World Bank Suspends Lending to Uganda

The World Bank has suspended lending to Uganda, this a move that could affect the country’s economic growth.

“The World Bank Group took a decision to withhold new lending to Uganda effective August 22, drug 2016 while reviewing the country’s portfolio in consultation with the Government of Uganda, website like this ” the international body said in a statement on Wednesday night.

According to Finance Minister, Matia Kasaija, Uganda’s outstanding public debt is projected to hit a staggering $ 7.6 billion by end of this financial year compared to $ 7.2 billion last year.

The World Bank said it will continue to “actively work with the Ugandan authorities to address the outstanding performance issues in the portfolio, including delays in project effectiveness, weaknesses in safeguards monitoring and enforcement, and low disbursement.”

The bank further reiterated its commitment to “doing everything possible to work closely with the Government of Uganda, as well as with other stakeholders, to support the country’s development and ensure that all World Bank-supported projects deliver tangible and long-lasting results to all Ugandans, especially the poor and vulnerable.”

This is the second time in a space of less than a year that World Bank is withholding funding to Uganda.

In December 21 World Bank Group President Jim Yong Kim announced the cancellation of funding to the Uganda Transport Sector Development Project (TSDP) due to what he described as “contractual breaches related to workers’ issues, social and environmental concerns, poor project performance, and serious allegations of sexual misconduct and abuse by contractors.”

Kim said that an early review of the World Bank-financed project found inadequacies in Bank supervision and lack of follow-through after serious issues were identified.


“The multiple failures we’ve seen in this project — on the part of the World Bank, the government of Uganda, and a government contractor – are unacceptable,” said Kim.

This followed complaints received from the Bigodi and Nyabubale-Nkingo communities located along the Kamwenge to Fort Portal Road regarding adverse environmental and social impacts stemming from the Project’s construction works, including impacts related to road safety and compensation for land acquisition, as well as serious allegations of road workers’ sexual relations with minor girls in the community, and sexual harassment of female employees.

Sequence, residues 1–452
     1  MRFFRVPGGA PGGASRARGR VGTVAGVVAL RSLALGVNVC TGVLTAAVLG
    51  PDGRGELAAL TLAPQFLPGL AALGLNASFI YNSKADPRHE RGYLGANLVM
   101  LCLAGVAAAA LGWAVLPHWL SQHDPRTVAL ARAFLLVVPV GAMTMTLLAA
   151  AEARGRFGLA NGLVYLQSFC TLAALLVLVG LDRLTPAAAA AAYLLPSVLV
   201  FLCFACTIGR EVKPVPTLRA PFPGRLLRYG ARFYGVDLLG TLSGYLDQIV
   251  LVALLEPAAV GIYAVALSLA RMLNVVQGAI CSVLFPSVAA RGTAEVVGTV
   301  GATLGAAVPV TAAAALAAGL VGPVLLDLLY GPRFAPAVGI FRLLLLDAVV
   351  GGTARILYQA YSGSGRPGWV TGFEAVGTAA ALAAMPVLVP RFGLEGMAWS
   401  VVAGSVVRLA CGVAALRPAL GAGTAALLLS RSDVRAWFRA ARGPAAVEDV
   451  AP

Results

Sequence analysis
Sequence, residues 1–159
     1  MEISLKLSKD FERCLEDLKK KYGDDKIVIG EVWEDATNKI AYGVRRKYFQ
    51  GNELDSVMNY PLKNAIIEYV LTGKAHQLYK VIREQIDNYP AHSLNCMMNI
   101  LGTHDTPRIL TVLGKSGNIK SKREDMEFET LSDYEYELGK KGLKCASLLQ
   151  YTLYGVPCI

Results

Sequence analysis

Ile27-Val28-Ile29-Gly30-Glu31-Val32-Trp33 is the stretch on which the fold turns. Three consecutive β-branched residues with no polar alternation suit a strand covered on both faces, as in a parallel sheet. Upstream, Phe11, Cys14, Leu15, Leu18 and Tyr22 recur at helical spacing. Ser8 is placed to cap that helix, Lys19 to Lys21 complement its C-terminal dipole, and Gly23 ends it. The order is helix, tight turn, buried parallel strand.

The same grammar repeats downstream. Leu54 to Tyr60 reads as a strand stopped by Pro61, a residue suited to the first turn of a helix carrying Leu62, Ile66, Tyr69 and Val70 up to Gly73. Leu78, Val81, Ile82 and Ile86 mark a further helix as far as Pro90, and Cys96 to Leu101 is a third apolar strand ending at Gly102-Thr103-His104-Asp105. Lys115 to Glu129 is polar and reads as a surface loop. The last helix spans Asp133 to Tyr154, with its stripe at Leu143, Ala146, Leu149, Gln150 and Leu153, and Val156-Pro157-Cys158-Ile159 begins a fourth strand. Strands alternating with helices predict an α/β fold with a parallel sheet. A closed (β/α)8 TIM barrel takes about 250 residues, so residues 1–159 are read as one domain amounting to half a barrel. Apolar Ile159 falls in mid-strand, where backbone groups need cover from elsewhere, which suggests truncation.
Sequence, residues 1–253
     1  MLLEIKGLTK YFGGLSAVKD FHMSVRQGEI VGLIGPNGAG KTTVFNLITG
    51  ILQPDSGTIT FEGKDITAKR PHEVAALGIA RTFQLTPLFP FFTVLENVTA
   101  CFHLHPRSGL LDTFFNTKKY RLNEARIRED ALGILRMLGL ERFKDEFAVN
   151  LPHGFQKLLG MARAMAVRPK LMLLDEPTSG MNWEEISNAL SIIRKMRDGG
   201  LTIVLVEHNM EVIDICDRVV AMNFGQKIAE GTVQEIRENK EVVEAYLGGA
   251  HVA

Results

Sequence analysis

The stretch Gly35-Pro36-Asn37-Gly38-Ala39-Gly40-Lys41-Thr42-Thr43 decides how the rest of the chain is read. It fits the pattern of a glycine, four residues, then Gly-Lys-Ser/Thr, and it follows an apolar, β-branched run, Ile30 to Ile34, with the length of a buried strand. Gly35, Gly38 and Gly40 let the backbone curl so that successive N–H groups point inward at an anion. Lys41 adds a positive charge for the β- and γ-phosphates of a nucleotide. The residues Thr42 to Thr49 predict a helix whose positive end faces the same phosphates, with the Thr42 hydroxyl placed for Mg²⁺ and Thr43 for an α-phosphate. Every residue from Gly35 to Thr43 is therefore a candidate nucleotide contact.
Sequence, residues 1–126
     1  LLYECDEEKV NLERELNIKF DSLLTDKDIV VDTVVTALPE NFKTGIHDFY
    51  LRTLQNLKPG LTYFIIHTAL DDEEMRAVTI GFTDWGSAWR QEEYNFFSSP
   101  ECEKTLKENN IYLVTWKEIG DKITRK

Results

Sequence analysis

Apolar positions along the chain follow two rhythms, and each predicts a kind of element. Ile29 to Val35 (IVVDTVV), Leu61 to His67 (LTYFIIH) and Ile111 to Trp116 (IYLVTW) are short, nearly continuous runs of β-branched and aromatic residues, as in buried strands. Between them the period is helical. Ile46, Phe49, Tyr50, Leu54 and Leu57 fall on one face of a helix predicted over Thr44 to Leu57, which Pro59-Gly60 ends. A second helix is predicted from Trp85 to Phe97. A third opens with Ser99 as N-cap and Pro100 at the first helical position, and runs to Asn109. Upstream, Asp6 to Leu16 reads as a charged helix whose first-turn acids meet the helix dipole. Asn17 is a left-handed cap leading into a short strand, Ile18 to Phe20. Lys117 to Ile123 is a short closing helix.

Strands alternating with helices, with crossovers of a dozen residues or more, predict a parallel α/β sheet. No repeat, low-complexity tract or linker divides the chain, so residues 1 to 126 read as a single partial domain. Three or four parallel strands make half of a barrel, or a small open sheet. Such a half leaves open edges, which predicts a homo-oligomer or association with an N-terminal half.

On October 22, the Bank suspended the financing for the project. After further review, and after the Government of Uganda and the government contractor did not take corrective steps, Bank management informed the Board on December 17 that it was cancelling the project.

But UNRA Executive Director Allen Kagina said steps have been taken to address the situation, expressing hope of the World Bank’s possible change of heart.

Government officials said a statement would be issued today in regard to the unfolding development.


Observers say the new development is likely to reduce foreign exchange flows to Uganda.

The World Bank’s move could as well interrupt commercial and trade finance, through reduction of both Government and private sector access to foreign loans.

In addition, Uganda could face high risk premium on offshore lines of credit, and eventually scare away alternative creditors, as they anticipate a credit squeeze in the future.

On its website, World Bank acknowledges that takeoff of a huge public investment program and resumption of private sector economic activity in the post-election era is expected to drive growth.

“This notwithstanding, the effects of a volatile global economy on demand for Uganda’s exports and timing of key infrastructure projects in the country’s oil sector, could offset any benefits of improved terms of trade due to low oil prices,” says the World Bank.

“Under these circumstances, the Ugandan economy is forecast to grow at a rate of approximately 5.9 percent in FY16/17. Growth will increase to 6.8 percent in FY17/18, and thereafter stay on an upward trajectory into the medium term, if major infrastructure projects are implemented as planned, and private investment intensifies with oil-related activities.”

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